Aug 28, 2012

When it comes to WorkChoices, Abbott can’t take a trick

Tony Abbott can't turn a trick on IR -- he's in trouble no matter what he says, and plenty of it is friendly fire.

Bernard Keane — Politics editor

Bernard Keane

Politics editor

Tony Abbott gets away with many things, his critics charge. The media too often fail to hold him to account, to pull him up, to challenge him. To the extent that that's true on other issues, it isn't on industrial relations. In fact, Abbott can't take a trick on IR. He's the one who thought it was a bad idea in the first place when the Howard cabinet considered WorkChoices, the one who called WorkChoices "a catastrophic political blunder" in Battlelines, who in that book even questioned Holy Writ about individual contracts, saying "the much-touted abolition of Australian Workplace Agreements could be insignificant by comparison" with the requirement for good faith bargaining. He's the "dead, buried, cremated" bloke. And yet everyone, it seems, is conspiring against his resolution. Most of his party is well to the right of Abbott on IR, and wants movement on issues like unfair dismissal. The business community is talking incessantly about productivity and the need for flexibility. His former colleague Peter Reith is an enthusiastic spruiker of IR reform. And then John Howard beams in, from what according to Abbott is ancient history, to offer his own take. Labor ministers, of course, were like seagulls on a chip with it. Too bad that Howard wasn't even talking about WorkChoices, but primarily urging a return to the Reith-era Workplace Relations Act of before 2005. Too bad that the recent Fair Work Act review identified Labor's "replacement" for AWAs, individual flexibility agreements, as too complicated and inflexible to use, and recommended a series of changes to them. That was lost in the mix, reflecting the exact problem that confronts Abbott -- he can't even talk about IR reform without every utterance being taken as code for WorkChoices. That's why when he does talk about IR reform, he sticks to a meaningless incantation. The Coalition thinks there's a "militancy problem, a productivity problem, and a flexibility problem" but, he said yesterday, all it would do would be to make "cautious, careful, responsible change". He similarly said they'd make "careful, cautious, responsible change" in May, and "careful, cautious, responsible change" back in February. The only deviation was when he slipped up earlier this month and added a "prudent" to "careful, cautious, responsible changes". Having built an entire, and successful, political strategy on what happens to a Prime Minister when visibly seen to break a high-profile commitment -- voters may forgive you if you fail to do something you commit to doing, but look out if you do something you've promised you won't -- Abbott is the least likely of anyone in his party to decide, once in government, that it's time to revisit WorkChoices. But voters don't believe it. Even more Liberal voters think he'll bring back WorkChoices in government than don't. The incessant business lobby push for IR deregulation has lifted the proportion of voters very concerned about a return to WorkChoices to its highest level since 2010. Kevin Rudd's success as opposition leader lay in carefully picking a few clear points of distinction with John Howard and sticking to those while ignoring everything else. Abbott's so-far successful strategy has been entirely the opposite. But on IR, he's trying hard to do a Rudd and keep minimal distance between himself and the government. The problem is, no one, even on his own side, appears happy to let him keep doing it.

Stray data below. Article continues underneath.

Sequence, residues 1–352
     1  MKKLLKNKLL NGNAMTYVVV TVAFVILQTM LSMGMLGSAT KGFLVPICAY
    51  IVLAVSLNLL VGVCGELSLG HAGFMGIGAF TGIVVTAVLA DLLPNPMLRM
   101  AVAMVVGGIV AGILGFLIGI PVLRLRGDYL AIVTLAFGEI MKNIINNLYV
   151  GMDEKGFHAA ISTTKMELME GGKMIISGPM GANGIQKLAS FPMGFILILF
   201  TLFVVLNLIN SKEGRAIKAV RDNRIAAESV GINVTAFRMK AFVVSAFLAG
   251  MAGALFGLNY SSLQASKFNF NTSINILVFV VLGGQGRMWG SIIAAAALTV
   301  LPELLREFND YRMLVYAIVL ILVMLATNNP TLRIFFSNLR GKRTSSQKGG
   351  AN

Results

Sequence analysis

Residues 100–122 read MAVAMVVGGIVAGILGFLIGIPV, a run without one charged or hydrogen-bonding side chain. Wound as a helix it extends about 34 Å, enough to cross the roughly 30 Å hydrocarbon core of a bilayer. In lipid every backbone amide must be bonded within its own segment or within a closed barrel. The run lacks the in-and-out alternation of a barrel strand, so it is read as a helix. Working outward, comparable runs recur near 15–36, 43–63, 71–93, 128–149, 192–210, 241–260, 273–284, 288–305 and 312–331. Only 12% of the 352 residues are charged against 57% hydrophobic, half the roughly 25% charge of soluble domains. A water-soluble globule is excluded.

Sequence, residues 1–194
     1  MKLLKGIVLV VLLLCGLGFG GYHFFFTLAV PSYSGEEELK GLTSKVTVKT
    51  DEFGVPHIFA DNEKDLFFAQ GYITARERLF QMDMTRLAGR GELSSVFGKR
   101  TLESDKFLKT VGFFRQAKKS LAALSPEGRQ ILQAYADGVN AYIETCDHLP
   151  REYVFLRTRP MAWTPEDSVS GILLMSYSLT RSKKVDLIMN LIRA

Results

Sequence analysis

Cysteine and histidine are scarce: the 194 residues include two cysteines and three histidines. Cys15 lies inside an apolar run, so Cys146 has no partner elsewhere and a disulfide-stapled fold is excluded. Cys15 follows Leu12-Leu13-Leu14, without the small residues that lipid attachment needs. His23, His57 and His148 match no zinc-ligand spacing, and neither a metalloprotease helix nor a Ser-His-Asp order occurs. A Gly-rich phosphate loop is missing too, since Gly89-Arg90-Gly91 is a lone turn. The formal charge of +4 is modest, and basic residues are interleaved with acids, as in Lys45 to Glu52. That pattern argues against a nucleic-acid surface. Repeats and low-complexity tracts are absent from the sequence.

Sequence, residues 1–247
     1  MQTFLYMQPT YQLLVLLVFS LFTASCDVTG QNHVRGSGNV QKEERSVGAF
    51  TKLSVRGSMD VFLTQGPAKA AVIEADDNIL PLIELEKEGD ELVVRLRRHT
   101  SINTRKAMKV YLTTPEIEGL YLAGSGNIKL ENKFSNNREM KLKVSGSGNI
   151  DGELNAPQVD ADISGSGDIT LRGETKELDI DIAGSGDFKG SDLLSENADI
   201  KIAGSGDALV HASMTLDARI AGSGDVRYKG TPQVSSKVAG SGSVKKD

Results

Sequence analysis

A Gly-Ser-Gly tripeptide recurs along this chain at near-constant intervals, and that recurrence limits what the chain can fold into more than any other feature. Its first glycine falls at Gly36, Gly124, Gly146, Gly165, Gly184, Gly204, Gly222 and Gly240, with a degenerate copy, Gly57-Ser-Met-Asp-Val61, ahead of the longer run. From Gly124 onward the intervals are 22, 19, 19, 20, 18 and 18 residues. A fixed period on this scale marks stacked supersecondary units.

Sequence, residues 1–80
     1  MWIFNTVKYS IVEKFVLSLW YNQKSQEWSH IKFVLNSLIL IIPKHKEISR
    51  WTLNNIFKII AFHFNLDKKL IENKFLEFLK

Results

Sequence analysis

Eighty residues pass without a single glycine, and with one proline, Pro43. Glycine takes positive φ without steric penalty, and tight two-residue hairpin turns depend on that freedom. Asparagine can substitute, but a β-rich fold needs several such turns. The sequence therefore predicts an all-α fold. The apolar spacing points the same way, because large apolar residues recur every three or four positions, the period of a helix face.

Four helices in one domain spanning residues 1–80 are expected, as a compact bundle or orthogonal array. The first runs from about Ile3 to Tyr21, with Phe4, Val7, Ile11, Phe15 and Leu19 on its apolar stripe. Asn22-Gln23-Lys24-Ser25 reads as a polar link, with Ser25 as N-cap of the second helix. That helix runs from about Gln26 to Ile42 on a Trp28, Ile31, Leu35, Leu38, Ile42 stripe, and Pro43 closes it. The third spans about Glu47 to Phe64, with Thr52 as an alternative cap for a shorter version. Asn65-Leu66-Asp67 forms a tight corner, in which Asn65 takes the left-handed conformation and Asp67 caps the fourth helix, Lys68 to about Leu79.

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136 thoughts on “When it comes to WorkChoices, Abbott can’t take a trick

  1. cairns50

    no one beleives him bernard because the man simply can not speak the truth

    kerry o’brien had that told to him by abbott himself

    leigh sales exposed him the other night, then the next day he backflipped on what he reckons he said to her

    slowly but surely people are finally waking up to him

  2. fredex

    ‘Dead, buried, cremated” {sic}